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Did Jesus Christ teach nonviolence? Was Jesus Christ modeling nonviolent change?

The world changes leaders change their lives, influence their neighbourhoods and effect their communities. But, change always creates conflict. Jesus Christ is one of history’s greatest change makers. He also created a conflict with leaders who eventually killed him. But did Jesus Christ teach nonviolence as his model for sustainable change?

Or was Jesus brewing a legitimate violent revolutionary movement to liberate Israel from the oppression of Rome and the Jewish elite?

This points to a much bigger question I’m always wrestling with here: Is violent change sustainable and legitimate from a Jesus centered Christian perspective and from a practical perspective?

Does Jesus Christ teach nonviolence? Does Jesus Christ model Nonviolence? What method is historically more productive to create peace and reconciliation?

Dr. Jesse Nickel’s work on Jesus Christ and Nonviolence

Dr. Jesse Nickel is a close friend of mine. Academically, he’s a deeply committed researcher and educator. Two years ago he Graduated with a PHD in New Testament from St. Andrews University under the Mentorship of Dr. NT Wright. Jesse is one of the best.

My family has been serving in the Philippines for the last 5 years. We embody everything I write about. I’m doing my best to create new communities of Jesus followers who will walk like he did. And I’m doing my best to blog those stories for you.

In our first 5 years, Jesse was running, sitting and reflecting in a castle in St Andrews, Scotland with Dr. NT Wright. He studied the radical love and nonviolent way that Jesus Christ’s kingdom changes our world. This is why historical church leaders describe Jesus Kingdom as the Kingdom of Peace.

The gardens and castle at st andrews university in scotland

Jesse’s Work and My Work Complement Each Other

I do peacebuilding “field work.” I train and mentor leaders to excel, Christian and non-faithbased, at community development, peacebuilding and reconciliation. My model as a Christian leader is called Christian Peacebuilding. I’ve been creating new Christian Peacebuilding communities (aka Churches who follow Jesus and train faithful followers of Jesus) for 7 years. My goal is for thousands of new Jesus communities to share the life and healing mission around the world and build the peace of Jesus Christ.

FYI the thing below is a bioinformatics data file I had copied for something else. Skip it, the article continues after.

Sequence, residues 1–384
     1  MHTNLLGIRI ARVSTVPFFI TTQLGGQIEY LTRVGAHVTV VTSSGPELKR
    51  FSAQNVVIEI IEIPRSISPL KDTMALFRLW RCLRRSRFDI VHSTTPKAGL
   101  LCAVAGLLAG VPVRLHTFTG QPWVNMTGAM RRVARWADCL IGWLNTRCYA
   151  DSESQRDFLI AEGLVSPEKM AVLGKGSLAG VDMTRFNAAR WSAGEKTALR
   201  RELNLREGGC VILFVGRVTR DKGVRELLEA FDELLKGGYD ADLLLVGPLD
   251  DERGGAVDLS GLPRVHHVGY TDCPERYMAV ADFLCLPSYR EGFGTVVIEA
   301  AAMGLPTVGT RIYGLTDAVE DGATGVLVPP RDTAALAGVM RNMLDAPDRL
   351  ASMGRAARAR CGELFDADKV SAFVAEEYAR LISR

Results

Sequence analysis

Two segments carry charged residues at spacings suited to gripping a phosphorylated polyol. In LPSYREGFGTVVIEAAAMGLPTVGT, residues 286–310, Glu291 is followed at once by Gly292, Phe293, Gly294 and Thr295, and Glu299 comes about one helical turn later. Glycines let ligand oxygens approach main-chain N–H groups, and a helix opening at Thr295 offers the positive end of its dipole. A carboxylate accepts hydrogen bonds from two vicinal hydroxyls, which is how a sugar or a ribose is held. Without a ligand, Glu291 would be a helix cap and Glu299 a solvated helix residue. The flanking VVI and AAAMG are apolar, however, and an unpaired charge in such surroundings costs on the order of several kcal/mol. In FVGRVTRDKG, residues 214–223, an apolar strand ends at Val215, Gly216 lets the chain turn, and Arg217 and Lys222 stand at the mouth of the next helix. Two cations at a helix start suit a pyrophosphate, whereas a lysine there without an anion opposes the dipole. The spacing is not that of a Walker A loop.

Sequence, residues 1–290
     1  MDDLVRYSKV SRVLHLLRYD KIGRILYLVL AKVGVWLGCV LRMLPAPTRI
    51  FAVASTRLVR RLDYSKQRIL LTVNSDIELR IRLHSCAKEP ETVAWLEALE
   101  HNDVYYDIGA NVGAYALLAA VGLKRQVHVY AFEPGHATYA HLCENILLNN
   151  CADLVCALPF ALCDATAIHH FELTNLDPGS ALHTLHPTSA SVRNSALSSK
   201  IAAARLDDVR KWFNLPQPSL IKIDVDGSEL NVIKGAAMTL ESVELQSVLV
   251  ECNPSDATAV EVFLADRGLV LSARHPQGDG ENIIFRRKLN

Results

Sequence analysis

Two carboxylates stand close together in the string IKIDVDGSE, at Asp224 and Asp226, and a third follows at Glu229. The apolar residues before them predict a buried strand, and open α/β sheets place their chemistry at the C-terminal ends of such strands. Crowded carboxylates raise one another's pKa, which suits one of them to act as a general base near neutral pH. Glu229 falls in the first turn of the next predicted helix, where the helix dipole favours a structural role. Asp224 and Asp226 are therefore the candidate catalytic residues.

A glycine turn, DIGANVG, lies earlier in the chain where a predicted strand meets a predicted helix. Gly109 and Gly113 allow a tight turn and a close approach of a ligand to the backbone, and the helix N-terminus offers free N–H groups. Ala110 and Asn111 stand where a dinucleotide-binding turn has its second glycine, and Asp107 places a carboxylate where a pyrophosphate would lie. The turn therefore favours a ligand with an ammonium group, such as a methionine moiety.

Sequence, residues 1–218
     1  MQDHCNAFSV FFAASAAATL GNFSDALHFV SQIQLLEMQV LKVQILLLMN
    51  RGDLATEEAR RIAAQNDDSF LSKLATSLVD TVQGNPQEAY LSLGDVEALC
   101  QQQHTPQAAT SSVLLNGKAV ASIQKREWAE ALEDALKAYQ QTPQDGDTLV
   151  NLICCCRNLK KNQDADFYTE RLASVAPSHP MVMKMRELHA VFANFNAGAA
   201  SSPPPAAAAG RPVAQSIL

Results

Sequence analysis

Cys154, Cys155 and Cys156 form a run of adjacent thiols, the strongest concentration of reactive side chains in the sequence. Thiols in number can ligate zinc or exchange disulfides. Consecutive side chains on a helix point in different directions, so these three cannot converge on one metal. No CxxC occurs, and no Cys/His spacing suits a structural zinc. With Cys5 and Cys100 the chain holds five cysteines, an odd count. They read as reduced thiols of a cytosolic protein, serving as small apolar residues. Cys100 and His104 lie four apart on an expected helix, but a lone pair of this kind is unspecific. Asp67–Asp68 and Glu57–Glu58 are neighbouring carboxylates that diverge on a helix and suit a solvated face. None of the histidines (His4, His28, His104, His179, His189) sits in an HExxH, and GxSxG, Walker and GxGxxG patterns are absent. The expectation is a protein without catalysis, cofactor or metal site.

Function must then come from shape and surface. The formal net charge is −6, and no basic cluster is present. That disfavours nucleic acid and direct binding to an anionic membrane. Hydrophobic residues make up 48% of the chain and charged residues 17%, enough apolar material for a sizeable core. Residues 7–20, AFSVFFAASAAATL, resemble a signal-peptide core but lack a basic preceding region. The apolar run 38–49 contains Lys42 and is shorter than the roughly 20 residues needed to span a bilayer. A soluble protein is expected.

While I work in the field, Jesse does the hard work of research and teaching. His work deepens and enriches my work. His research revealed new understandings of the Kingdom of Jesus Christ and his nonviolent way. I’m excited to share one of his newest public lectures about this research below. It’s a public lecture at a Mennonite bible school so it’s very accessable.

The title is Was Jesus a violent revolutionary? His presentation starts at the 3:23 time marker. My summary and notes are below the video if you would like to skim them.

If you liked the video you can learn from Jesse first hand by attending Columbia Bible College (Go Bearcats!). He’s currently Professor of New Testament. His research is new ground in biblical studies and exciting and foundational to the life of the church. As Christian Peacebuilders it gives us encouragement and hope on the tough days. I fuels our spirituality and makes our calling more clear.

Summary Notes from Dr. Jesse Nickel’s Lecture

  • “Why do people find it so easy to dismiss a black and white command from Jesus like ‘Love your enemies?’ How can they get around that?”
  • This quote was the seed that started Jesse on his PhD research: “Eschatological repentance, and national repentance from violent rebel activity, we’re joined together in Jesus proclamation and summons. The blend was not accidental. …It was precisely in her tendency to violent nationalism that Jesus saw the true depth of Israel’s present exile.” NT Wright, Jesus and the Victory of God. p. 253.